|Publication number||US6833918 B2|
|Application number||US 09/974,659|
|Publication date||Dec 21, 2004|
|Filing date||Oct 9, 2001|
|Priority date||Oct 11, 2000|
|Also published as||DE10149917A1, DE10149917B4, US20020041376|
|Publication number||09974659, 974659, US 6833918 B2, US 6833918B2, US-B2-6833918, US6833918 B2, US6833918B2|
|Inventors||Takuji Kurozumi, Yoshiaki Togawa|
|Original Assignee||Horiba Ltd.|
|Export Citation||BiBTeX, EndNote, RefMan|
|Patent Citations (8), Referenced by (5), Classifications (5), Legal Events (3)|
|External Links: USPTO, USPTO Assignment, Espacenet|
The present invention relates to a light scattering particle size distribution measuring apparatus, which irradiates a material sample with light from a light source, and measures the size distribution of particles in the sample on the basis of a scattered light intensity pattern obtained thereat.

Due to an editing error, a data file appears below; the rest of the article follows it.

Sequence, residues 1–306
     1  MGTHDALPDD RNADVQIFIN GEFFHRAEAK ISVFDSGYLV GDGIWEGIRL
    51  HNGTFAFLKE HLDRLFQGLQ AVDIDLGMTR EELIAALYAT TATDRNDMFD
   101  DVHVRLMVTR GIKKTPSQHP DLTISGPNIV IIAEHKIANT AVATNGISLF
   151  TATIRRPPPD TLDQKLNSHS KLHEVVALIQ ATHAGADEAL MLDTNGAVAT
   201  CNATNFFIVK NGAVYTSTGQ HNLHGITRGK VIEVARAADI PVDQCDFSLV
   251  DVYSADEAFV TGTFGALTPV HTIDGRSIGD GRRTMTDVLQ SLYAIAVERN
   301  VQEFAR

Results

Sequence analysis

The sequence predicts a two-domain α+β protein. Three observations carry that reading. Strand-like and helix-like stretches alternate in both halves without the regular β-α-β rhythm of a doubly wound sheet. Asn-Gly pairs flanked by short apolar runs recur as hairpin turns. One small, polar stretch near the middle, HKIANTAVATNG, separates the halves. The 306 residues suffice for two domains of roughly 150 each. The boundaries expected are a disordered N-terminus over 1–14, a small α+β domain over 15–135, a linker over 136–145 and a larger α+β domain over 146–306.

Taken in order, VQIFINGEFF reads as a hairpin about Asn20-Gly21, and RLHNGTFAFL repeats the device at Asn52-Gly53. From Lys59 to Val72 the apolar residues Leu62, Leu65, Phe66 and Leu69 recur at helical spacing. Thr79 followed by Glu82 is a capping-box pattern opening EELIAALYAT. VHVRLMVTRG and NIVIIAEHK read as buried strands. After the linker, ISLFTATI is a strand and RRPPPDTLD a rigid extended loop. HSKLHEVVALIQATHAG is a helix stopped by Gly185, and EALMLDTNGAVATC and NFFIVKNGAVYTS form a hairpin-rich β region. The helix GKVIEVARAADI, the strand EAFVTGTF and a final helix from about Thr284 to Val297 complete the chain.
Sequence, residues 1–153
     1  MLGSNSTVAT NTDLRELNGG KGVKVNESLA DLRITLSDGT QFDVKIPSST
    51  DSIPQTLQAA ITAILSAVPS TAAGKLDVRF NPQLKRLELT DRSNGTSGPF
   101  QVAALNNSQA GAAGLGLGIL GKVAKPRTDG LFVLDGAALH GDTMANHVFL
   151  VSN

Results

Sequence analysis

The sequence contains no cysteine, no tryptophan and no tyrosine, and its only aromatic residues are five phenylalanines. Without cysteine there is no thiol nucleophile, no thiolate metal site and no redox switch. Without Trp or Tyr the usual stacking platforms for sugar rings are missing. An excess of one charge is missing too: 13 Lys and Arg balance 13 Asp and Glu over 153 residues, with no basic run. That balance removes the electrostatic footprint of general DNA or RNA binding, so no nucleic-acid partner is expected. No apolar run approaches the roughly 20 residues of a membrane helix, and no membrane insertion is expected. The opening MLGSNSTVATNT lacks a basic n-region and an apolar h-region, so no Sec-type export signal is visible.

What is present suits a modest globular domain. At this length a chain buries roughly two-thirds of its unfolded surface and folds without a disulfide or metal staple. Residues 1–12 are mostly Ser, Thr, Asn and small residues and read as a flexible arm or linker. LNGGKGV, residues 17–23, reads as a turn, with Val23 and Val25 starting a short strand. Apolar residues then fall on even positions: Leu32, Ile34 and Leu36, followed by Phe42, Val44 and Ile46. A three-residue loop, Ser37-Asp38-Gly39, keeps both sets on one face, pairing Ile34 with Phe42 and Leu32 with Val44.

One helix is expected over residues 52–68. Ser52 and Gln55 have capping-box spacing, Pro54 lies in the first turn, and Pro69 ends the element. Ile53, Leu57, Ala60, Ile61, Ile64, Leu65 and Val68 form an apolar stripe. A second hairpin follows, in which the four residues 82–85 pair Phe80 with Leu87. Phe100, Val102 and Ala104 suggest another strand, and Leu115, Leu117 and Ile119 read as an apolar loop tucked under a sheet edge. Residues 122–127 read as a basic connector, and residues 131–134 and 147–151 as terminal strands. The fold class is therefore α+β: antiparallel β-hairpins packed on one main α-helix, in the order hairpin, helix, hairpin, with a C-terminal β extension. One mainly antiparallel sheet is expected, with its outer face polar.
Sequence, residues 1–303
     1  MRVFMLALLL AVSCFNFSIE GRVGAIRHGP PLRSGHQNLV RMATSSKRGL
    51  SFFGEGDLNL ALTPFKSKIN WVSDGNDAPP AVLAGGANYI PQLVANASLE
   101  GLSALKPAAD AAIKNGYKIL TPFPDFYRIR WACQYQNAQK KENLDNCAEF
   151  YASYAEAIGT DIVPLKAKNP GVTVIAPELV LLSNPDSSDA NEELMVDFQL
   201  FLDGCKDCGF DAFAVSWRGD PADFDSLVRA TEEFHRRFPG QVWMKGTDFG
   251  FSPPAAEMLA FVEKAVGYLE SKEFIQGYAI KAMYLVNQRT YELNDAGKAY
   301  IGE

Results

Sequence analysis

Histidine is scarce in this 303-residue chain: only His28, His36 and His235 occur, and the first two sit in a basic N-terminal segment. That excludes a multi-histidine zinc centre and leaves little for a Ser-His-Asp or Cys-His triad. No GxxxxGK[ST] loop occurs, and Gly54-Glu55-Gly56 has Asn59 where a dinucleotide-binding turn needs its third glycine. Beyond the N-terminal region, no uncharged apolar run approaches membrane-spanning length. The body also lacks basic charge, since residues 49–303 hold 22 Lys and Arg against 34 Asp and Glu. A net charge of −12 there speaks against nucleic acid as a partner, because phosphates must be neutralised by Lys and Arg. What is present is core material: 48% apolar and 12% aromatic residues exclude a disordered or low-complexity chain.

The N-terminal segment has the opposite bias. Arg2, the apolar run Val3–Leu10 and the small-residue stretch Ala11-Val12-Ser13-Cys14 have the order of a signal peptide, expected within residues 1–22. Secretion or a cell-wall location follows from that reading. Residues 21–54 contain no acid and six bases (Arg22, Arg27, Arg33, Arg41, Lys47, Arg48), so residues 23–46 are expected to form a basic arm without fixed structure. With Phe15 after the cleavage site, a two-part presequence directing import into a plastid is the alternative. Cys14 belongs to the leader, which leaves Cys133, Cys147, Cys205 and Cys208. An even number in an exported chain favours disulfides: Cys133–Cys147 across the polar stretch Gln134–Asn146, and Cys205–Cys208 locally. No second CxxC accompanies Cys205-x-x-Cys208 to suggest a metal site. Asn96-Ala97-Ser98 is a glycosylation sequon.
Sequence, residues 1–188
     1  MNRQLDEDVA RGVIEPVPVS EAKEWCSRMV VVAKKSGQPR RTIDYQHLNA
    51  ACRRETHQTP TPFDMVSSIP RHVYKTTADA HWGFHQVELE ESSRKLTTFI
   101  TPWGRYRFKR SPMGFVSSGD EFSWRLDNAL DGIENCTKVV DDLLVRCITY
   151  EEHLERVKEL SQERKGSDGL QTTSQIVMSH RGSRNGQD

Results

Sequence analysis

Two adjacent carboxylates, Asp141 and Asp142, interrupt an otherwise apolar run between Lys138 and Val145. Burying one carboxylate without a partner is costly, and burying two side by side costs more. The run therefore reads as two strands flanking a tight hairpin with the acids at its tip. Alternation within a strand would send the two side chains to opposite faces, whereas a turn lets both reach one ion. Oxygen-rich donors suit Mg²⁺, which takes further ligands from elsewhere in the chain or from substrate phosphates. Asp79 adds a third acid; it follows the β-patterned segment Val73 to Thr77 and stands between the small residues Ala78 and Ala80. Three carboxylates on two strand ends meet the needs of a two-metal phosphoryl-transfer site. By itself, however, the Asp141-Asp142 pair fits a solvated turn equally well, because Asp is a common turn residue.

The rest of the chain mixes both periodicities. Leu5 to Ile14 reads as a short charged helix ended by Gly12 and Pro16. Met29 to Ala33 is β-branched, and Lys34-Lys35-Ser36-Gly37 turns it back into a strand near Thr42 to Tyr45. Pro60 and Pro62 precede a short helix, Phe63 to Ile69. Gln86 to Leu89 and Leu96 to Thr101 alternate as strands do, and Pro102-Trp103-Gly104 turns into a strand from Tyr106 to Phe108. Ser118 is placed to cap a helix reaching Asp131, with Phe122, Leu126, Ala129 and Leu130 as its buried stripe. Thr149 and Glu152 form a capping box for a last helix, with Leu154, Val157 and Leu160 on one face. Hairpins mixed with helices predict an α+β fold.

Systems capable of measuring the size distribution of particles within a sample of material are useful in a plurality of fields. FIG. 7 shows a schematic of a prior art scattering particle size distribution measuring apparatus system. As shown in FIG. 7, the system comprises a light source 71, capable of emitting laser light 72. In addition, a shutter 73, comprising a shutter member 73 a and a shutter driving member 73 b, is used to modulate the laser light 72. A beam expander 74 expands the laser light 72 prior to incurring a flow through cell 75 containing a material sample 76. Thereafter, a condenser lens 77 is used to focus the light onto a photodetector 78 which detects the scattered and transmitted light from the condensor lens 77. Commonly, a multiplexer 79, which is in communication with a CPU 80, captures the signal from the photodetector 78 upon the detection of light. The CPU 80 may be programmed with various algorithms and other mathematical formulae to permit arithmetic computations of scattering based on the light intensity pattern received at the photodetector 78. A personal computer 81, in communication with a display terminal 82, may be used to control the overall system.